My Panchakarma Experience in Mexico
Ayurveda, the “science of life” in Sanskrit, is more than medicine. It is a roadmap to a “good” life in every sense of the word.
10 Things to Bring
One thing to remember when traveling to remote areas is that if you forget something, you can’t easily re-purchase it. This fact is especially true at Villa Ananda, where they don’t want you to leave the property (it apparently interferes with the detox process). While Villa Ananda provides shampoo and conditioner, it’s one of the very few areas where they fall short. The products, in refillable bottles, are (I’m sad to say) very cheap, watered down and smell like harsh chemicals. Further, neither the ‘shampoo’ or the ‘body wash’ come close to getting all that sesame oil out of your hair. I would highly recommend bringing the following:
- Your hair will be drenched in oil. Bring a good oil-fighting shampoo and conditioner — and lots of it! Hair elastics, too.
- Bar soap, as this isn’t provided.
- Mosquito repellant.
- Sunscreen, toothpaste, etc. — all the regular stuff. You won’t be able to get more.
- Sweet snacks (to cheat on your diet).
- DVD’s or ripped movies on your laptop (because there’s no TV!)
- Lots of reading material (because the only books lying around Villa Ananda are Ayurvedic health books).
- Neoprene socks for walking on the beach (there are a lot of little rocks and shells).
- Binoculars (for whale watching, if it’s that season).
- Clothing you don’t care about, because they’ll get oil stains on them.
The first three days of Panchakarma generally are light fasting with pureed vegetable and herb soup. Breakfast, for the entire trip, was sliced and sautéed pear or apple in ghee with chunks of dates (if I begged), almonds and spices, or quinoa with almonds and spices. Lunch and dinner were either Kitchari (an Indian dish with basmati rice, mung beans and spices), or steamed vegetables with spinach and pine nuts in a coriander coconut sauce with red quinoa.
Each vegan meal is prefaced with ginger, digestive tea and customized herbs based on your dosha. The herbs definitely don’t taste good — in fact, it’s pretty hard to choke them down most of the time — but they’re good for you, and it’s an essential part of the detox process. At Villa Ananda, you should expect healthy, but very repetitive meals. And I mean very, very repetitive and very, very simple. No sweets are allowed, for the most part. That includes fruit. So if you have a sweet tooth (they are gong to kill me for saying this), I recommend you bring some sweets with you — and hide them well! Meals are savory, and you can pretty much guess what you’ll be getting tomorrow — the same as today!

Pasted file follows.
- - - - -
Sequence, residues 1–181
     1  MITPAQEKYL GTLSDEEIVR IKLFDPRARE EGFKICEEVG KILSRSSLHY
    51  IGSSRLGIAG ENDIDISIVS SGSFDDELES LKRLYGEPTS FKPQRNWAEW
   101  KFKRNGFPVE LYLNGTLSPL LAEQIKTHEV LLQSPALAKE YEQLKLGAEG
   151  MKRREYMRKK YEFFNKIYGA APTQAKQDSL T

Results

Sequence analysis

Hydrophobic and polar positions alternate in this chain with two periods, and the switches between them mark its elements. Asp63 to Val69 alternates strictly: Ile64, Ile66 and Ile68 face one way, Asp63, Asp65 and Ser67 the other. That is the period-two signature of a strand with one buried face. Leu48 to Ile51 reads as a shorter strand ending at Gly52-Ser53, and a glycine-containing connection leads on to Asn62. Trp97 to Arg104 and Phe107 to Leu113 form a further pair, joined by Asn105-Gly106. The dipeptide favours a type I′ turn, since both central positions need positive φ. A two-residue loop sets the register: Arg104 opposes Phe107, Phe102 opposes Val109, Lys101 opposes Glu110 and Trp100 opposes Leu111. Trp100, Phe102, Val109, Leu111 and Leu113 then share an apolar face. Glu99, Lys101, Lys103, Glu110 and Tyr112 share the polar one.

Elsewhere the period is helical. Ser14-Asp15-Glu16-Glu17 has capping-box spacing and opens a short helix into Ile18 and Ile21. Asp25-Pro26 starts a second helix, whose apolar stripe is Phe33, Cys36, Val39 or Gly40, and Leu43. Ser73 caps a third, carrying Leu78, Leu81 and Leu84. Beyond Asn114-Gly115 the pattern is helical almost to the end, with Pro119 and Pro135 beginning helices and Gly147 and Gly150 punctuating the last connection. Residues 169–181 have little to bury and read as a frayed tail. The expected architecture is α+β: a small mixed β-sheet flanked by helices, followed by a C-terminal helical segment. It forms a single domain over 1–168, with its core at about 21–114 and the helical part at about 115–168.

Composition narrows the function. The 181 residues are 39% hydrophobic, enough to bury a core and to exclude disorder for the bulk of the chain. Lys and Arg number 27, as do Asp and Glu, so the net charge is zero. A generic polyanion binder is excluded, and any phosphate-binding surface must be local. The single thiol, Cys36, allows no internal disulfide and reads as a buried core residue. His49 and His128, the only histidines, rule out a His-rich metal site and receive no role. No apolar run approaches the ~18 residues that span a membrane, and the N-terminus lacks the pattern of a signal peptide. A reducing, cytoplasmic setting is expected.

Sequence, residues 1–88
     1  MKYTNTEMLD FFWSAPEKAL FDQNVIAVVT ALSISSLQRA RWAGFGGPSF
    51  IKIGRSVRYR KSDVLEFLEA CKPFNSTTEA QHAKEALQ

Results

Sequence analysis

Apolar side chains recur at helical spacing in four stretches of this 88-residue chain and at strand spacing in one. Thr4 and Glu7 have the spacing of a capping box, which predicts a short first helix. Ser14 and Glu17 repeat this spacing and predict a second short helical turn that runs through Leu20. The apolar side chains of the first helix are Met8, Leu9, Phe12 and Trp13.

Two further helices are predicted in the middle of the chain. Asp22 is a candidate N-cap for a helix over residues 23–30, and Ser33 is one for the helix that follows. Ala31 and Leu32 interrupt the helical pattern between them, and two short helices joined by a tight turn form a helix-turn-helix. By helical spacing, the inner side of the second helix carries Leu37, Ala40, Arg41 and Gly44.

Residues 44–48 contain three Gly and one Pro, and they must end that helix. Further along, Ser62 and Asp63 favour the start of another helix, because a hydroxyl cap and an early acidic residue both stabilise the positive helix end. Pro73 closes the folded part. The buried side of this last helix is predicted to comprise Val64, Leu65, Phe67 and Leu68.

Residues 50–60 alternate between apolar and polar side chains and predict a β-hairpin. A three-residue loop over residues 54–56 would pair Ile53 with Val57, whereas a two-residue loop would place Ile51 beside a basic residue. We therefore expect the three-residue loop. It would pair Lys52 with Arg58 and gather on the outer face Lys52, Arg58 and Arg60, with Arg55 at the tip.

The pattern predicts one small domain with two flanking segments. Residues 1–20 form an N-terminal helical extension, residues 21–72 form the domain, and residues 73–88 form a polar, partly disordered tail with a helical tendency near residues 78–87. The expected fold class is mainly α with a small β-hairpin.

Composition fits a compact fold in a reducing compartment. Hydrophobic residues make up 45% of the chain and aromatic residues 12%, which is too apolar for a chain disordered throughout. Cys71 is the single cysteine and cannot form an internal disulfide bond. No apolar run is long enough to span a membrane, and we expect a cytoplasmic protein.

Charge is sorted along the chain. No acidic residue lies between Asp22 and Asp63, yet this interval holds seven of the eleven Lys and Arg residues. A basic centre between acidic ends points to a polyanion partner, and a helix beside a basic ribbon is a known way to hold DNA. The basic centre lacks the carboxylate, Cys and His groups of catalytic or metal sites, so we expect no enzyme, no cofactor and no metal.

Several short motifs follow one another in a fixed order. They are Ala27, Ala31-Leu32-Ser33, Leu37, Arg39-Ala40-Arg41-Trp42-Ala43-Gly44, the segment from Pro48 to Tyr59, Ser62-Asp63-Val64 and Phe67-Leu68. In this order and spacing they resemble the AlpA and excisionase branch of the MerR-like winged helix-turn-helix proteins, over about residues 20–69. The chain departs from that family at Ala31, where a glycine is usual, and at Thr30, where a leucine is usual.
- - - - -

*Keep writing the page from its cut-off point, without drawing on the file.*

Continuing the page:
The woman who was staying in the other casita works at the New York Times. She said that the last time she visited, she lost about 20 pounds. Amazingly, I didn’t lose any weight that week, but I could see how a person easily could. Just make sure to keep up the healthy vegan diet when you get home — that’s the trick in it. She followed shortly after by letting us know that Thanksgiving did her in and she gained it all back. Sounds like an excuse to come back if I ever heard one!
The upside of this is that, in my case, I had been dealing with a food allergy that was causing a rash on my legs. Because my diet was so minimal in terms of what went into it, my rash went away by the time I left, eight days later. Of course, once I left Villa Ananda and started eating normally again it returned. However, because of the simple diet at Villa Ananda, I was able to narrow down the cause (I knew I hadn’t had soy or corn all week, for example) and finally pinpoint my allergy.
Oh yes; lest I forget: alcohol and sex were officially off the menu, as they are both too draining. (Ok, ok, so that last one I may have cheated on with my hubby. At least now I can say ‘I cheated with my hubby’! Ok, that was cheesy.)